Monday, August 31, 2015

Cambodia and Vietnam the AmaDara Way

Cruising the Mekong River on AmaDara

If you want to feel incredibly privileged and fortunate, see a third world country on a first class river ship. AmaDara, the largest and newest ship plying the Mekong River, made her inaugural cruise in August and I was there for the experience.

AmaWaterways had just been named Best River Cruise Line by Virtuoso and AmaDara enhances that reputation. Cruises on AmaDara start at $4,959 per person.

The experience began on land with a stay at the exotic Sofitel Angkor Phokeethra Golf and Spa Resort in Siem Reap, Cambodia to see Angkor Thom and Angkor Wat, what are left of the glories of the Khmer empire when much of this area of Asia was known as Campuchia.

Angkor Thom
Angkor Thom, with a variety of temples and beautifully carved walls, is most everyone's favorite but its smaller spaces can become claustrophobic when the hordes of tourists descend every day.

Angkor Wat, larger and better preserved (its royal builder insisted on a finer grade of limestone), absorbs the hordes and only seems crowded for the sunrise, when everyone wants the same view of reflections from across the lake the massive temple faces.

 Angkor Wat

Both are impressive and convey the melancholy of lost grandeur.

Floating village in Cambodia
Life on the Mekong River
We were welcomed to AmaDara by a local band, Cambodian lion dancers, traditional dancers, captain and crew and AmaWaterways' owners and board of directors. Cabins are spacious, come with two balconies and are well-equipped. Public spaces are comfortable and airy.

Residents' transportation to and from Evergreen Island in Vietnam.
Every day we had choices of excursions to decidedly non-touristy locales each of which added insight to history, culture and way of life of its residents. Unlike large cruise ships, AmaDara has no photographer in your face trying to market photos or a shopping director steering you to "preferred" shopping.

Buddhist monks at prayer, Oudong, Cambodia.
Surprises are an AmaWaterways tradition and we had some doozies: permission to photograph or tape Buddhist monks at prayer, encounters with survivors of the infamous Killing Fields and rides on an ox cart. On board, we were treated to young dancers, seasoned musicians performing on traditional instruments, cooking demonstrations and staff talent shows.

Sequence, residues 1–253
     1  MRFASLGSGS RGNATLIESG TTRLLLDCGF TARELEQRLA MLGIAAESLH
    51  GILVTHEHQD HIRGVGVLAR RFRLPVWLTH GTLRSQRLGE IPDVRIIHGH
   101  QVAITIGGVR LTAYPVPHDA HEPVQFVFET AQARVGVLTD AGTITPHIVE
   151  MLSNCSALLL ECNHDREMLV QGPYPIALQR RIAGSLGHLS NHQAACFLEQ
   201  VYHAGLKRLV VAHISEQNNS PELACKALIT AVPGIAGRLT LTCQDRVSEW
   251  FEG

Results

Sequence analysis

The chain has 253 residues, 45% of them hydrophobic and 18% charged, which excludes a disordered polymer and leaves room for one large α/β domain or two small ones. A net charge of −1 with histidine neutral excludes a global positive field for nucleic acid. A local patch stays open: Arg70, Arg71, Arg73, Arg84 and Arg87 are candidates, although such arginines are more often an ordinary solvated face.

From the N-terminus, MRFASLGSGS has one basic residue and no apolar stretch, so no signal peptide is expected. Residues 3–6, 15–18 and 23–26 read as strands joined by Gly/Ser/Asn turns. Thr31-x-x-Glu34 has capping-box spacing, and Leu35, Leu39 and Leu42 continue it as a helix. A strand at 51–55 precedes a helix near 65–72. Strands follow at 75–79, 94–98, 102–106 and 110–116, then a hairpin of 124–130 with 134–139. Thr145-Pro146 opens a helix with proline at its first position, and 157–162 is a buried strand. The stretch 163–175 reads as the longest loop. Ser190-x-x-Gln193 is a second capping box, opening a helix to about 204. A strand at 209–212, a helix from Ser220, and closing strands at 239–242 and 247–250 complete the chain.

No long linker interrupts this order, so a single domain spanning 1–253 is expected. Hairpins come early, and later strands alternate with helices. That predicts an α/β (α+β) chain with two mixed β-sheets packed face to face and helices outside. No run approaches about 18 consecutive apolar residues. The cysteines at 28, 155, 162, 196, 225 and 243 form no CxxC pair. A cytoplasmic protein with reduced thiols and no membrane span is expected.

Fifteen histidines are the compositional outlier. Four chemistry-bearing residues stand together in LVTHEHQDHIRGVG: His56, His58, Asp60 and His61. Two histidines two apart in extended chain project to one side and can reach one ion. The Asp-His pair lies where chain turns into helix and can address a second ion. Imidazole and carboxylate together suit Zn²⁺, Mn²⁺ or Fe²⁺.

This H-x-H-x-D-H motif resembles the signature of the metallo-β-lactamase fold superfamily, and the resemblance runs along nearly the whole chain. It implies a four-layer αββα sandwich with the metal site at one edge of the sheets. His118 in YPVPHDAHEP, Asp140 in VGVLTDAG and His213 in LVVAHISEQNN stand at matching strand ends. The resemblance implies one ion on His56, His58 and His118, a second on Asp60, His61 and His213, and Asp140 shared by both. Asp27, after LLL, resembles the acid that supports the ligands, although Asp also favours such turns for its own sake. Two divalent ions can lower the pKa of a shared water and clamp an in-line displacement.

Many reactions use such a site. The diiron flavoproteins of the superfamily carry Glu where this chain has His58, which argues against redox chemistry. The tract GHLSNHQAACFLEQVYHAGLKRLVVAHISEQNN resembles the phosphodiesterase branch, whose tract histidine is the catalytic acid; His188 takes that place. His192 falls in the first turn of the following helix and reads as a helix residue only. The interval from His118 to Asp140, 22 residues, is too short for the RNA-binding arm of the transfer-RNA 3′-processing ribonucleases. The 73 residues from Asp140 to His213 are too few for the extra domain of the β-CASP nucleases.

Appetizers were always creative.
Three times a day we were offered inventive Western and local dishes, five-course lunches and dinners, both with fine wines and frequent cocktail parties. Pho Ba for breakfast became a favorite.

City Hall, SaIgon
By the time we reached Saigon, or Ho Chi Minh City as everyone but its residents call it, we were truly an AmaDara family. After a city tour we went out own ways, shopping, touring, relaxing.

Dinner at Quan Bui.
If you ever find yourself here, don't miss a meal at the Sofitel Saigon Plaza's Mezz restaurant, an amazingly comprehensive buffet of Western, Asian and International cuisine stations, or Quan Bui, a gustatory revelation of Vietnamese cuisine.

Cambodian girl gets your attention with her tarantula in hopes you will buy some bananas.
We all took home suitcases full for goodies but lasting longer will be the respect and admiration for the people who smile despite not always having enough to eat and are working hard to improve themselves and their countries.

Note: For a more thorough account of the cruise, go to All Things Cruise  and look for AmaDara.

Italian Deal

How about $479 for nine nights in Italy?
Three nights' accommodations Rome at the Hotel Buenos Aires, three nights in Florence at the Corona d'Italia and three nights in Venice at the Malibran or Santa Chiara plus daily breakfast, high speed train tickets, free pizza and gelato in Rome and Florence and and a tour of Murano in Venice. Oh, and one sight-seeing tour.

Available November 1 to December 20, 2015 and does not include air or local hotel taxes.

Upgrades available, natch, at, “Deal of the Week.”   For reservations, call TourCrafters  toll-free  at  1-800-ITALY95.

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